Saving lives through saliva

22 March 2018

Mutations in two different genes are associated with a higher lifetime risk of developing breast, ovarian, prostate and pancreatic cancers: BRCA1 and BRCA2. It’s estimated that one in 200 Canadians carry a pathogenic mutation in one of these two genes.

But finding out if you carry this mutation isn't simple – to access and be covered for genetic testing, you need to meet certain criteria including having a strong personal or family history of cancer. In addition, research has shown that genetic testing is underutilized and most individuals with BRCA mutations may never receive testing.

Knowing if you carry a BRCA mutation could help provide a more accurate assessment of your cancer risk, or even detect cancer sooner. This could lead to more prevention options as well as better outcomes that will help to detect cancer sooner and even prevent it from happening. It could lead to saving lives.

That's why Canadian Cancer Society-funded researcher Dr Mohammad Akbari launched The Screen Project, a population-based genetic testing program. Through the program, anyone over the age of 18 can purchase a saliva collection kit for $165 USD, send their samples to a designated lab and receive results within 2 to 4 weeks. Those who cannot afford the test are eligible for financial assistance. Individuals with positive results are contacted by the Familial Breast Cancer Research Unit at Women's College Hospital.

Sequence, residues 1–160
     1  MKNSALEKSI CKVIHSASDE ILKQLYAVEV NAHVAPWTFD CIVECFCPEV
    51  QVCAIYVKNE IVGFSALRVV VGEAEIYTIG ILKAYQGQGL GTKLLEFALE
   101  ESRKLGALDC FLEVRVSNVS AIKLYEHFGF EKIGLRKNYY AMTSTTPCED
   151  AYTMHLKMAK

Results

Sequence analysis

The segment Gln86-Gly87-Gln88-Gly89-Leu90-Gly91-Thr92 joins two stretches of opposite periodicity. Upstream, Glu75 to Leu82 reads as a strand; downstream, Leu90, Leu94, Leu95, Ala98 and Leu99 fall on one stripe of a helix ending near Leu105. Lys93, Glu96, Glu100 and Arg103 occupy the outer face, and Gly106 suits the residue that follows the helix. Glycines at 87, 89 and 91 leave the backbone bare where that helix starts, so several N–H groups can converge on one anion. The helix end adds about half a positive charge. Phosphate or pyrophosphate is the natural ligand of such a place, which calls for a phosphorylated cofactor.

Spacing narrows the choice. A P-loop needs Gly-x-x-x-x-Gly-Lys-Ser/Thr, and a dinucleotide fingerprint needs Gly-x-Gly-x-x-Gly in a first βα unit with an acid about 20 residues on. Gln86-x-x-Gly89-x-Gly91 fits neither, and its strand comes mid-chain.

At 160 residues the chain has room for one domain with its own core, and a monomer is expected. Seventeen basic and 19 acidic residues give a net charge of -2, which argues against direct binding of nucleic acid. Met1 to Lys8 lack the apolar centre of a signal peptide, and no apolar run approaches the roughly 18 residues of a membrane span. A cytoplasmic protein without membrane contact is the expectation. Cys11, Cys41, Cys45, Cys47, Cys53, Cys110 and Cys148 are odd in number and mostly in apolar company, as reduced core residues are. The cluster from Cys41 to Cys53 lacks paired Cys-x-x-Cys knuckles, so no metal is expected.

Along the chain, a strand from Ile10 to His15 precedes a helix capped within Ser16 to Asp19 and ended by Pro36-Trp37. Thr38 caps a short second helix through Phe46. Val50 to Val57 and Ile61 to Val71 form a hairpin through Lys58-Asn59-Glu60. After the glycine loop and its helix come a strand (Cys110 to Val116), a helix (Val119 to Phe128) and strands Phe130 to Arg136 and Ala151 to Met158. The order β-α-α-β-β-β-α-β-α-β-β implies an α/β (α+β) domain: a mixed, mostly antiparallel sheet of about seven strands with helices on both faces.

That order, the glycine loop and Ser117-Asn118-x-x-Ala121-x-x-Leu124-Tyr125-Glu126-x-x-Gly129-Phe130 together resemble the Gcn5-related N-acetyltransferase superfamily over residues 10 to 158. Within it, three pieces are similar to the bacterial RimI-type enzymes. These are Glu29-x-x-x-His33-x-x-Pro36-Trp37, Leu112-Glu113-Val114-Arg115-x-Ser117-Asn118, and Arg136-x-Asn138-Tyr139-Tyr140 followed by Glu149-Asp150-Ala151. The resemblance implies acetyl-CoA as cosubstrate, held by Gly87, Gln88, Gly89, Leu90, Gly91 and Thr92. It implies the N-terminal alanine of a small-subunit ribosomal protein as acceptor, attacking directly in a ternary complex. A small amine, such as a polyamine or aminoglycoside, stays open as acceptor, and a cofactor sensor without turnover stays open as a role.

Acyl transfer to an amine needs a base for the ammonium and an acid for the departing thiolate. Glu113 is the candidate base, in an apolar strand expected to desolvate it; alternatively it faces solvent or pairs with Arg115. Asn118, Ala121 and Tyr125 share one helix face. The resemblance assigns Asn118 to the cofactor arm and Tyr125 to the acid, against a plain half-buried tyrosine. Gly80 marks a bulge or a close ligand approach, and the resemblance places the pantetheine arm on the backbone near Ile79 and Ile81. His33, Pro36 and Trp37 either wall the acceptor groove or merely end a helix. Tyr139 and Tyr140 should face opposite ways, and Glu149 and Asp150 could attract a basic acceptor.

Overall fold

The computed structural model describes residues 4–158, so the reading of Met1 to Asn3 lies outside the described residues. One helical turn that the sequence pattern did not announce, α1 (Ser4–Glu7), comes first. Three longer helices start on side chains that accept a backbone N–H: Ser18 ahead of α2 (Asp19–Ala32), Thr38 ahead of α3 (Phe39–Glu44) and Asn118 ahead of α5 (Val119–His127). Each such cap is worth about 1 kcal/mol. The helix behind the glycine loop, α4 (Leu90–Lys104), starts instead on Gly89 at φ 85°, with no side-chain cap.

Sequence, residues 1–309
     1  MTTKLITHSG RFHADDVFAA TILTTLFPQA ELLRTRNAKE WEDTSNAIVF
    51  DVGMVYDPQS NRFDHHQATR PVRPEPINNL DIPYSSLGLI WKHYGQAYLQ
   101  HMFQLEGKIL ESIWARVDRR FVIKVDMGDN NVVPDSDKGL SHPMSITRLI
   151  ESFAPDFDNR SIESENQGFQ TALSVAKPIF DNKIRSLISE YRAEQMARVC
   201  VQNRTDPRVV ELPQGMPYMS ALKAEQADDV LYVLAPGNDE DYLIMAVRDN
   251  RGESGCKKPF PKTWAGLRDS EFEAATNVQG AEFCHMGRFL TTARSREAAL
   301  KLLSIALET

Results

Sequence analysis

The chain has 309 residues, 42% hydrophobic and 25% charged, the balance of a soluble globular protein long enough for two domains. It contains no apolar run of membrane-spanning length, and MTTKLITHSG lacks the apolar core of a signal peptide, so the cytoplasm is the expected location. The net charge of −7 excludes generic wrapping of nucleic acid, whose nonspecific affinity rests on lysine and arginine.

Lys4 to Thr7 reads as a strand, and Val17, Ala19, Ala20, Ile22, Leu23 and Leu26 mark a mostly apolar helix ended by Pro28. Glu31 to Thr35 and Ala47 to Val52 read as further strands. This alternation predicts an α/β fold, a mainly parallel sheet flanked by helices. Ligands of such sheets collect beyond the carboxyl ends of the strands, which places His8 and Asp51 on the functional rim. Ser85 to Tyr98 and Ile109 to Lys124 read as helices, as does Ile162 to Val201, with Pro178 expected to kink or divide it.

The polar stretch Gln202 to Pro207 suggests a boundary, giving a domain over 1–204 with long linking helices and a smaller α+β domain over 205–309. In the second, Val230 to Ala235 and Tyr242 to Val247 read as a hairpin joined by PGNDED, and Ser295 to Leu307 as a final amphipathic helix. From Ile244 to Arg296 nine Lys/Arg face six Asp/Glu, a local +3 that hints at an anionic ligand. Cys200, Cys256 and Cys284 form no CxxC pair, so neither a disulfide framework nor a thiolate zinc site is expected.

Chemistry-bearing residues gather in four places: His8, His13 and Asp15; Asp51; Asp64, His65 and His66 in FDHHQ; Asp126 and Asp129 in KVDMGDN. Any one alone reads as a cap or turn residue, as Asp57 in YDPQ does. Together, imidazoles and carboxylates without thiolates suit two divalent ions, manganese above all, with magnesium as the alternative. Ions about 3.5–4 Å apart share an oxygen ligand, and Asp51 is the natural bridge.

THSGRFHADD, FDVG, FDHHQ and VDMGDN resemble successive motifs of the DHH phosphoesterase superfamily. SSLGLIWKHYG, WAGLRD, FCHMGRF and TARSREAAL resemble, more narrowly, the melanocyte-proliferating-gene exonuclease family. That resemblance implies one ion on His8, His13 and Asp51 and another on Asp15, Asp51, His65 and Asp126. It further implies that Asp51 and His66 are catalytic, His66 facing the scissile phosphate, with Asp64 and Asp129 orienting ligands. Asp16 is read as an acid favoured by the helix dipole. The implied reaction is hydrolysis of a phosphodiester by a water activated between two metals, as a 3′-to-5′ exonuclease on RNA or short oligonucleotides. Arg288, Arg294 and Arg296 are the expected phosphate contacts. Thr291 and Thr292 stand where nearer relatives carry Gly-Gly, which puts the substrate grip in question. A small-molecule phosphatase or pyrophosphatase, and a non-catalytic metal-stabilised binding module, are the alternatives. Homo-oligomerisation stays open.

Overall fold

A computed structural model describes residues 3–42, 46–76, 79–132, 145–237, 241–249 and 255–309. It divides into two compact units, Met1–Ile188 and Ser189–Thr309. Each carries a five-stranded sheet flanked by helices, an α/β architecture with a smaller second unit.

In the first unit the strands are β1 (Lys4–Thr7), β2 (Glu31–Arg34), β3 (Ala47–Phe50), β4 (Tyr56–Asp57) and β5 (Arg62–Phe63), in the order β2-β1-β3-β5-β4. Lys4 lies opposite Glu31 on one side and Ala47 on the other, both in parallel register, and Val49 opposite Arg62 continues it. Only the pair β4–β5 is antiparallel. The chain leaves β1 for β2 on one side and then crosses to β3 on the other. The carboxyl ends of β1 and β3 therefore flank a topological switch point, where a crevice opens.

“Our goal is to overcome the hurdles that currently exist in enabling people to obtain genetic information about their potential cancer risk. If they are genetically at a higher risk, this information could help them to take action to reduce their cancer risk,” says Dr Akbari. “By making genetic testing accessible to all Canadians, we hope to reduce mortality from breast, ovarian, prostate and pancreatic cancers.”

To learn more, please visit thescreenproject.ca or to speak with someone about genetic testing, call one of our Cancer Information Specialists at 1-888-939-3333.